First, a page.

What it is: Shin splints, or the medial tibial stress syndrome, are probably the most universally-known injury in walkers and runners. They typically present as an aching pain below the knee, either on the front outside part of the leg or the inside of the leg. They are commonly seen in walkers who don’t build their mileage gradually or switch from walking on flat surfaces to climbing hills, forcing the foot to flex more and overworking the weaker shin muscles.
What to do about it: Strengthening your calf and shin muscles can help absorb some of the shock of walking or running, and in turn lead to a stronger tibia. In the meantime, stay in shape by performing low-impact exercises such as swimming or cycling. If your shin splint is brought about by improper biomechanics of the foot and knee, a chiropractic evaluation can determine the discrepancies of the spine, pelvis, and ankles and help alleviate your pain.
What it is: The Achilles tendon is one of the longer tendons in the body, which stretches from the bones of your heel to the calf muscles. If the tendon is being put under excessive strain due to high-impact exercise or strenuous workouts, it can become inflamed and painful. If ignored, Achilles tendinitis can lead to tendon tear or rupture.
What to do about it: Sometimes, the treatment for Achilles tendinitis can be as simple as switching to a lower-impact exercise routine or getting more rest. It is important to have your injured foot assessed for any biomechanical problems. Gentle stretching or isotonic strengthening exercises can be prescribed as part of your chiropractic treatment plan to improve the healing of tendons and return to your normal routine.
What it is: Soreness on the outside of your hip or knee can be a symptom of bursitis. Bursitis is the irritation or inflammation of the bursa, a sac filled with lubricating fluid found between tissue and skin whose role is to decrease rubbing and friction. Overuse, direct injury to the joint, incorrect posture, or poor conditioning before exercise can lead to this condition.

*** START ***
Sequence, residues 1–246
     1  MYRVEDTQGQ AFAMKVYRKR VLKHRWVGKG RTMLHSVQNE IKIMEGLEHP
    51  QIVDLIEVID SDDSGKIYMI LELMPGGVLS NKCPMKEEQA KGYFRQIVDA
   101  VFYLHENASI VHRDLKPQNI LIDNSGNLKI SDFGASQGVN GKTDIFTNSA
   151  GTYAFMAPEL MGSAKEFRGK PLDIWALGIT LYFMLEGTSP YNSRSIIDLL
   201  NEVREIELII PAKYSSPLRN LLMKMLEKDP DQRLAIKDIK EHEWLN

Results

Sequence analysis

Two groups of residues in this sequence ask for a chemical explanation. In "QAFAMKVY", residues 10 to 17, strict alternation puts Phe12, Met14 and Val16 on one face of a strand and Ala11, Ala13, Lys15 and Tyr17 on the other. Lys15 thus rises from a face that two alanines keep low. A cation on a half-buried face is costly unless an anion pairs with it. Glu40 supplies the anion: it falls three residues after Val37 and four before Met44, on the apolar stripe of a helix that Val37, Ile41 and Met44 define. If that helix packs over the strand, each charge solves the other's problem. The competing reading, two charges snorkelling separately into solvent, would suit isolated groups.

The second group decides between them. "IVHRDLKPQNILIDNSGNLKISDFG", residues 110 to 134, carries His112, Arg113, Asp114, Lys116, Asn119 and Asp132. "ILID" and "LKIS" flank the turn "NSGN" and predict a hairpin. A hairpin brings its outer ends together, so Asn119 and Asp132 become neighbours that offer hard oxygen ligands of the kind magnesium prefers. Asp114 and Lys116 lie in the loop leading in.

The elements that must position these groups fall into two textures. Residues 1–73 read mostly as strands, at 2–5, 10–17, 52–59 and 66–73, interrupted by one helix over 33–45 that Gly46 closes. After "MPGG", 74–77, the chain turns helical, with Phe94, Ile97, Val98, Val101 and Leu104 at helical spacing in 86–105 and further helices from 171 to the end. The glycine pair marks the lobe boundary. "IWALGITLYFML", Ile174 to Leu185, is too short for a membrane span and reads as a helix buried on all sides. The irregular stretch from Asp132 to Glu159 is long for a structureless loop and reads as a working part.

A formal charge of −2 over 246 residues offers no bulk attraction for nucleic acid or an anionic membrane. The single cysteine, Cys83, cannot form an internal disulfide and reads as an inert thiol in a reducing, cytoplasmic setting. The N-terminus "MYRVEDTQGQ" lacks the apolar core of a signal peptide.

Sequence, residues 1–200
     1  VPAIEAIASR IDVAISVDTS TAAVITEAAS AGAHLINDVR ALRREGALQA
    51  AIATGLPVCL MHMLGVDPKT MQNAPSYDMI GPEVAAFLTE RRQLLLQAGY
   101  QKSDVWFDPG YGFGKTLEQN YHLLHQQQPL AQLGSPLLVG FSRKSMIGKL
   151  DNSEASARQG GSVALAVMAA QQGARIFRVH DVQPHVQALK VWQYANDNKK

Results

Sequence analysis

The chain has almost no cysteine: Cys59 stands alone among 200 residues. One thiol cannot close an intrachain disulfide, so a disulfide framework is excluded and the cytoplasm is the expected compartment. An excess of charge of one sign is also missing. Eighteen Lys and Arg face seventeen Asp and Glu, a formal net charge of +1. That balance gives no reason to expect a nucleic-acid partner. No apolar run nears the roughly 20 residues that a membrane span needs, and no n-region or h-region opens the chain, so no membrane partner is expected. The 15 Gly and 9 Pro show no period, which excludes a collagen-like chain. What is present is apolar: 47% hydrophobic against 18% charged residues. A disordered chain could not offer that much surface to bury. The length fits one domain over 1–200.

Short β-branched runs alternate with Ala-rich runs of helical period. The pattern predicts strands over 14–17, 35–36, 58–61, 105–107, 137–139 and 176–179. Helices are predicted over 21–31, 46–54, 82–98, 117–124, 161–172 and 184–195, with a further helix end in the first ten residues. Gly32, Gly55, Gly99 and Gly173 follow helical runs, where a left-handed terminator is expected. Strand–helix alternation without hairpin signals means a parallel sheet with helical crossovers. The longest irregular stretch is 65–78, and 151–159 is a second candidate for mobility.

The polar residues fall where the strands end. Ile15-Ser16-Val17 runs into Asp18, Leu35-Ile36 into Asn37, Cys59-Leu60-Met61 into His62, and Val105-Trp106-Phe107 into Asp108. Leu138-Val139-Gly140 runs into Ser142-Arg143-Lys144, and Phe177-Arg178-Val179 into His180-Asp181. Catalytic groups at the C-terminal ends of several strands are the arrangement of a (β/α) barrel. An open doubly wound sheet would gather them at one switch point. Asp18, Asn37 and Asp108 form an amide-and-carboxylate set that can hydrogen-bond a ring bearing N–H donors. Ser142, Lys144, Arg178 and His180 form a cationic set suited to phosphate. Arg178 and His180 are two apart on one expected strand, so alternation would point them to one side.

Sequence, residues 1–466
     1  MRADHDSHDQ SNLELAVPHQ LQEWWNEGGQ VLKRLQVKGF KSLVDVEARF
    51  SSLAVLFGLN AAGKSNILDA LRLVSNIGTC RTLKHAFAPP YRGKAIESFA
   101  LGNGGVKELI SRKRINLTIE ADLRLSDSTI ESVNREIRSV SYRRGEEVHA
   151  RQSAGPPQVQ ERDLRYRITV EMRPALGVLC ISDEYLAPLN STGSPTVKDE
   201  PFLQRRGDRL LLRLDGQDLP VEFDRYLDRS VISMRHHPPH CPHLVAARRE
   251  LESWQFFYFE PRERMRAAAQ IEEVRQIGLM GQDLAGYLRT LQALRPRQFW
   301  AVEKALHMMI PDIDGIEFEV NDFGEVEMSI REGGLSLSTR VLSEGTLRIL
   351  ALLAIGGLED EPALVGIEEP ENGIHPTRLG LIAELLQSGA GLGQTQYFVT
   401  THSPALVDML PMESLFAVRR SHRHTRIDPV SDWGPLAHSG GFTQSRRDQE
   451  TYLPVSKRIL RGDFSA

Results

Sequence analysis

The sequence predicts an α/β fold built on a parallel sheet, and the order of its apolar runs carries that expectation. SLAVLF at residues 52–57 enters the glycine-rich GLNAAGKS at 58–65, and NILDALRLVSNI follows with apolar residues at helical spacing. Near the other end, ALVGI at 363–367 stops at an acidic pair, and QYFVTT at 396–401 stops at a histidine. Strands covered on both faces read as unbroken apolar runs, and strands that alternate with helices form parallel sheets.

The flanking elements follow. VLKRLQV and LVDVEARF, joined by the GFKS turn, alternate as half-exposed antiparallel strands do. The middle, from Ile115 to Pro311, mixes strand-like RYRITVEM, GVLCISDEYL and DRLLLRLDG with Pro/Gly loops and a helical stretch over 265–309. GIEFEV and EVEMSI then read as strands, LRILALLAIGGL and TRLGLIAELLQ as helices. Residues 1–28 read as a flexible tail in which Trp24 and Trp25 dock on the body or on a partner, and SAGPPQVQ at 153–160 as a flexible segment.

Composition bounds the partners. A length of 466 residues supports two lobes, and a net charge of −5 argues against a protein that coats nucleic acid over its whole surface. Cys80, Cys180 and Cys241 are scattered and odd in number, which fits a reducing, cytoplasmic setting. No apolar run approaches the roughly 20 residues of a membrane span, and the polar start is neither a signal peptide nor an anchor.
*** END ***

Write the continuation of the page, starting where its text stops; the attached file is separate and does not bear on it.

What to do about it: Treatment of bursitis can be difficult and complex, but you have several alternative remedy choices to efficiently manage the condition. Massage therapy, stretching and rehabilitation exercises, ultrasound, electric stimulation, acupuncture, and nutritional advice provided by an experienced therapist can promote fast natural healing and reduce the risk of future injury.
These are just a few of the conditions that cause leg pain and may affect walking, but there are many others that can restrict your range of motion and prevent you from reaching your fitness goals. Contact your local chiropractic clinic to get a complete assessment of your condition and find out how you can heal your foot and leg pain safe and naturally.
About the Author
Dr. Marc Browner is the Founder of iChiropractic and Wellness in Naples, Florida. A graduate of the University of Florida in 1991, he earned his Doctor of Chiropractic degree from Life Chiropractic in 1995. In private practice since 1998, Dr. Browner is a member of the Florida Chiropractic Society, the Florida Chiropractic Association, and he attends continuing education seminars, classes, and workshops to remain abreast of the most current treatment methods and technological advances in the field.